Today happens to be the Day of Love here in Peru, also known as Saint Valentine’s Day in other countries. I would like to consider the origins of the holiday, what the special day means now, and what God might think of it.
What is fascinating about the Day of Love is that its origins are almost entirely legend. It is true that there were various men named Valentine back around the third century. Some stories indicate that some of these men were Christians who were martyred for their faith. We do know that the Catholic church accepted Valentine as a saint and established a day in the Catholic calendar in his honor.
However, what is interesting is that the stories of Valentine and the events that led to the current Day of Love were not written until many hundreds of years after his death. These are known by historians as embellishments. Writers created new and fanciful events to go along with the facts and that resulted in a more romantic version.
This was a slow process, but it has increased speed with each decade over the past century or so. More and more writers added their versions to the story of Valentine’s Day, making it more and more romanticized. It seems very few people bothered to verify if the stories were true. Instead, they embraced the fun and romantic parts of the stories and adapted them to their cultures.
But with time, historians began pushing back at the claims related to Valentine. Eventually, this led the Catholic church to recognize that there was no veracity to the story of Valentine, so they removed the Day of Love from the Catholic calendar in the year 1969. It is now recognized only as a commercial holiday.
Despite the official stance of the Catholic church, many people continue to spread the story of Valentine and the Day of Love as if it were fact. It changes slightly with the passing of time, but it is becoming increasing popular around the world. From what historians have found, what pushed it to grow more quickly was its acceptance in the United States in the early twentieth century.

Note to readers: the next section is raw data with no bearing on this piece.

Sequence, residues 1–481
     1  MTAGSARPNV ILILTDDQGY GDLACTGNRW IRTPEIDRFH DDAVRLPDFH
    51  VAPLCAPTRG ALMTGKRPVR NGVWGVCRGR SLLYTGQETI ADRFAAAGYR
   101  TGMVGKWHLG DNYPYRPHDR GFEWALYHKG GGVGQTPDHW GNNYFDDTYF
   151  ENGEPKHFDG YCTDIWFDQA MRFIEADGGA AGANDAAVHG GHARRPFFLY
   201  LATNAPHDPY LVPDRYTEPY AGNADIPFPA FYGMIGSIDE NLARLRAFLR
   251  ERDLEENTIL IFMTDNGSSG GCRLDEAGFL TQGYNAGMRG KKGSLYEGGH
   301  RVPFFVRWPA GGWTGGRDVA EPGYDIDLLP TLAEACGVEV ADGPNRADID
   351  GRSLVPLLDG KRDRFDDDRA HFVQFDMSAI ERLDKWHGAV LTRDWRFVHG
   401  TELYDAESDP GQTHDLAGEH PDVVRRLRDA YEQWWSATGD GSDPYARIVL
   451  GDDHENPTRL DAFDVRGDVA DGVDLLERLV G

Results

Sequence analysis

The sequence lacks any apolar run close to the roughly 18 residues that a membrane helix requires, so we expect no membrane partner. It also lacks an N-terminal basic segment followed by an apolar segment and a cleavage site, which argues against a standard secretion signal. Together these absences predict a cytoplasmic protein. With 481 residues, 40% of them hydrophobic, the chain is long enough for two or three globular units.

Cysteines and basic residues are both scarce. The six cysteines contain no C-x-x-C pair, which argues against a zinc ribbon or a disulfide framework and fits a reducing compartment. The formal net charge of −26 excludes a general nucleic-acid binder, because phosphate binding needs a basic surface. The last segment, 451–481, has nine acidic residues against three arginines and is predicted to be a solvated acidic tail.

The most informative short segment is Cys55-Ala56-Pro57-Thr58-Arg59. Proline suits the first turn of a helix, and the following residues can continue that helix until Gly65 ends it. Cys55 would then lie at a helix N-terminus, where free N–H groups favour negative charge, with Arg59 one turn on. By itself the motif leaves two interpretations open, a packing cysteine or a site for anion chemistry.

A lady in the States received a Valentine card from a business contact in Europe. She thought it was very cute and would sell in the States, so the next year she ordered supplies from Europe and began making her own Valentine cards to sell. From there, the commercial growth of the Day of Love has grown exponentially. In fact, most years the amount spent per person on Valentine’s merchandise grows. Some market indexes reported that in 2020, the average amount spent was around $200 or S/700.
Though it is growing in popularity, there are still countries that ban things related to the holiday. Muslim and Hindu countries most notably ban the buying and selling of Valentine products and the public displays of affection between unmarried people. They say it is against their religion to follow the Western looseness and promiscuity they see in the States and Europe. It is interesting then that countries where Christianity is more prevalent seem to tolerate the holiday more.
So, is the Day of Love good or bad? As with many things in life, it may not be that black and white. We can readily agree that love is a good thing. In fact, the Bible says that God Himself is love, and believers are known as His children by their love for Him and for others. However, I think we can be quick to say that the love of God and the love of Valentine’s Day are not the same.
Though the specific applications vary from country to country, the main thrust of the Day of Love has to do with gifts and acts of love between unmarried people, often between boyfriends and girlfriends. In the modern world culture, Valentine’s Day is also extremely popular among homosexuals, further distancing it from its supposed, but false, start in the church.